PAX West 2022: The Last Oricru

By Published On: September 6, 2022Categories: Gaming, News

Don’t Go Alone in The Last Oricru

Splitting the attention of all, GoldKnights is having an impressive showing at the EK Water Blocks Booth. That’s right, The Last Oricru is taking the attention of any that dare gaze upon its beautiful graphics and stunning gameplay. The combat is difficult and gritty, with free movement and tough choices around every corner. Quick decisions are a requirement in The Last Oricru. This is not meant to be a barrier to enjoyment but rather encourages the player to take advantage of the cooperative system when in need of help. This creates a unique environment for a challenge while also inviting options to interact with one another. This was an impressive title both in performance and in a solid combination of ideas and mechanics. Let’s dive right into this demo of The Last Oricru.

Image provide by @GoldKnight Studios

Thrust in Civil Conflict!

Sitting down and getting to play the title was an exciting opportunity. The game was running on a beautiful PC filled with plenty of colors and its internal hardware was submerged in water. Furthermore, having a chance to play was exciting and allowed me to see all the beautiful mechanics shoved into this amazing story. Since this title is a little unique in how it is designed, I wanted to address something before continuing. The Last Oricru has a short playtime (around 15 hours). GoldKnights Studio instead focuses on the branching narrative timeline of the game. At Pax, I personally was able to meet Sir Toby, the PR manager for Plaion, who had plenty to share on the game and its current development. Toby was more than willing to share plenty about the story and gameplay you find yourself in when we began our trial demo of The Last Oricru.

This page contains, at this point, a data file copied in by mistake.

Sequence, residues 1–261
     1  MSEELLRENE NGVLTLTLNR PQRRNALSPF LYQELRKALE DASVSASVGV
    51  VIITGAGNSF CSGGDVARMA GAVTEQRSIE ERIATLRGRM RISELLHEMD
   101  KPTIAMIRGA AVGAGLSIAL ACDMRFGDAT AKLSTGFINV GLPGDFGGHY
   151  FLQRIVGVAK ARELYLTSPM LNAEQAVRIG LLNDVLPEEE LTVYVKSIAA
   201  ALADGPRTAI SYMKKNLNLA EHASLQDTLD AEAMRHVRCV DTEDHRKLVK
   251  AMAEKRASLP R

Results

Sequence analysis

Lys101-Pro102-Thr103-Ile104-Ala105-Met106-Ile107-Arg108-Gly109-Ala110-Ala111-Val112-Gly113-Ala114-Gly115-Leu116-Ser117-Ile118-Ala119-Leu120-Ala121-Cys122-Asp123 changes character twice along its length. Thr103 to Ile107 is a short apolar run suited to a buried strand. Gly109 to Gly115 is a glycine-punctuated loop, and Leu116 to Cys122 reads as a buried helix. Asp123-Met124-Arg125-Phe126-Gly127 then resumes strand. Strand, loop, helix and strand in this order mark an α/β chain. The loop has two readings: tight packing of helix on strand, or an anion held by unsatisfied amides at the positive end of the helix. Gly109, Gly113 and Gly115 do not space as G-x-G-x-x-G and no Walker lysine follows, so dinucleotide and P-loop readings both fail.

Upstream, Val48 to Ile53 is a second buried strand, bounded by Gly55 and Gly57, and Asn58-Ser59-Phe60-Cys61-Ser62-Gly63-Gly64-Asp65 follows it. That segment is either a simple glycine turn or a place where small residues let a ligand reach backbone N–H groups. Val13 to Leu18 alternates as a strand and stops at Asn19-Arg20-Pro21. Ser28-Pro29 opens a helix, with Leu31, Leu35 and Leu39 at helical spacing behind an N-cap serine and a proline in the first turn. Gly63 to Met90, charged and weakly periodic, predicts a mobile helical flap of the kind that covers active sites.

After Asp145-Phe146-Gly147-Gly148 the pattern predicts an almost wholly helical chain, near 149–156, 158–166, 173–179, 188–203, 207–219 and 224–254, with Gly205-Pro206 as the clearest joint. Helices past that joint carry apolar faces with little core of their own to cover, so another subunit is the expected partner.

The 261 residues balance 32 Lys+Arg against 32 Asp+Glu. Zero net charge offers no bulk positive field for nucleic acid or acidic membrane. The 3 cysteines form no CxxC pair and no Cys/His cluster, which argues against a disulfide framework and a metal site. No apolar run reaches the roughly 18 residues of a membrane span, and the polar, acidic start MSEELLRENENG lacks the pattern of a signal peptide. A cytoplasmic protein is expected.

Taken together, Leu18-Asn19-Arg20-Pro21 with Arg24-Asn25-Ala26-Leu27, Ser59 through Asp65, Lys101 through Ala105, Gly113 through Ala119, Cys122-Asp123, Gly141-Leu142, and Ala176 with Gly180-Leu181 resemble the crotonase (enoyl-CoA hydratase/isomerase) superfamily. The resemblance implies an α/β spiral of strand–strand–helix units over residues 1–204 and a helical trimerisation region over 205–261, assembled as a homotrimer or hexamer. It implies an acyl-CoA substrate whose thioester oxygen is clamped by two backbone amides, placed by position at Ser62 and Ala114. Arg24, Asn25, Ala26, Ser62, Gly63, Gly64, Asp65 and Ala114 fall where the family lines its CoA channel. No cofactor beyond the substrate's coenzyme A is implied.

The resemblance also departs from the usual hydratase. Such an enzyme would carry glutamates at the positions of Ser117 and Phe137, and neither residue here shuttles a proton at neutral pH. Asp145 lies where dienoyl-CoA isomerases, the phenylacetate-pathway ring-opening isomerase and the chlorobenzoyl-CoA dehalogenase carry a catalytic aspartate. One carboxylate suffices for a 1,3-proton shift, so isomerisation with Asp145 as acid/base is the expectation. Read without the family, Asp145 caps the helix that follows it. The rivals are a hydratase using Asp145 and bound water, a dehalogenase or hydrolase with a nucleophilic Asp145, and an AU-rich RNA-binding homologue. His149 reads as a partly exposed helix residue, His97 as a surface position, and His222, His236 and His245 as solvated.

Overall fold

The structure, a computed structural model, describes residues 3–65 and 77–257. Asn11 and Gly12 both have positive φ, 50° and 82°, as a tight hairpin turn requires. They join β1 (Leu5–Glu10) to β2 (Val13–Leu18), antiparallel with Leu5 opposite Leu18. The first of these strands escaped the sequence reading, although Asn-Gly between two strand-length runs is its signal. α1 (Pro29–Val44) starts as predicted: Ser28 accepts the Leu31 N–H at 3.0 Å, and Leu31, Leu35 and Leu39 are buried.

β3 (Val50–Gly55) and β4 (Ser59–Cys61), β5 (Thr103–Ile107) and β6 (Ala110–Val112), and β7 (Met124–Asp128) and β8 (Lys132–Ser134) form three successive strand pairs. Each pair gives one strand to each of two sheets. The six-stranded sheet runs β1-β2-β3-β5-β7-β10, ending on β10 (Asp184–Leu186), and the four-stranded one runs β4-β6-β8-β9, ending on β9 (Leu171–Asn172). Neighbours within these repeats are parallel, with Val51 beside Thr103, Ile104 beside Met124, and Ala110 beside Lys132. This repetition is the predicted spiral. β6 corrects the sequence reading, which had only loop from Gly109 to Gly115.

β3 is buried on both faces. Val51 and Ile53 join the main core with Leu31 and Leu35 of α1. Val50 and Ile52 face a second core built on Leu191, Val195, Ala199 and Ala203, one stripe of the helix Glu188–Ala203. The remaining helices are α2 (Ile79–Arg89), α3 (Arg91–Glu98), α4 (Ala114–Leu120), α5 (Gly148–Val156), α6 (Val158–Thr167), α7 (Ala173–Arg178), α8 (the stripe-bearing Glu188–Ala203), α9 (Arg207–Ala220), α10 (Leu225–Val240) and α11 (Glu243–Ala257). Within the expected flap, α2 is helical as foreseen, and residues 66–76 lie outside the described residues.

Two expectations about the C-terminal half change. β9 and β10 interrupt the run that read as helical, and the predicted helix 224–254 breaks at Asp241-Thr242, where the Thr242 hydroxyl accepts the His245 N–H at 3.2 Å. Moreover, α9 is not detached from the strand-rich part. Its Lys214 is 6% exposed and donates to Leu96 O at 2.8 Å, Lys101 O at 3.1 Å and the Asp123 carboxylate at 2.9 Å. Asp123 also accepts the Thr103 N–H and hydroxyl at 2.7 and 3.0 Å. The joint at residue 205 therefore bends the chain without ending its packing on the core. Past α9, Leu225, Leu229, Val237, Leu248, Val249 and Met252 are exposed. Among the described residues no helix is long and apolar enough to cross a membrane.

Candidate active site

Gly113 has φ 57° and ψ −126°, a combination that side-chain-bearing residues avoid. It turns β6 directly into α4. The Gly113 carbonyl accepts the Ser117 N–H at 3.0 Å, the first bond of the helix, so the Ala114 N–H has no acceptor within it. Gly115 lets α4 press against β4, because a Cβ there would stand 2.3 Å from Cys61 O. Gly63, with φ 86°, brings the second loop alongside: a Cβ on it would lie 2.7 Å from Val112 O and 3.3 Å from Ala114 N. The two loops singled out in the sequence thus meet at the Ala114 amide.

Image provide by @GoldKnight Studios

A Trial of Fire and Steel

Taking the reins of a wizard, Toby (my cooperative partner on this demo) was a figure with a shield/sword. I was experimenting with my controls, finding them to be quite intuitive—especially for fans who love Souls-like games. This made the cat and mouse combat that I love so much a reality. I was instantly filled with joy that only the burning of an enemy could correct. Toby knew what was needed and we took our path on the Ratkin’s story path. This first run revealed the Ratkin trying to invade the city displayed in the first image. This will be the location where most of the game takes place and is controlled by the Naboru. Exploring this detailed area was initially very exciting until I turned a corner and got 7 arrows to the chest from Naboru soldiers. It gave me and Toby a quick laugh as I realized we were trying to be stealthy, but this was a revealing moment since my character had died and I chose to self-revive. Since I chose to self revive this forced my character to revive with even less health than normal. I learned that if you used your companion to revive you within an allotted time you regain all of your health back. You will find this to be tough in combat since the revive timer is around 10 seconds making it impossible to just spam revive.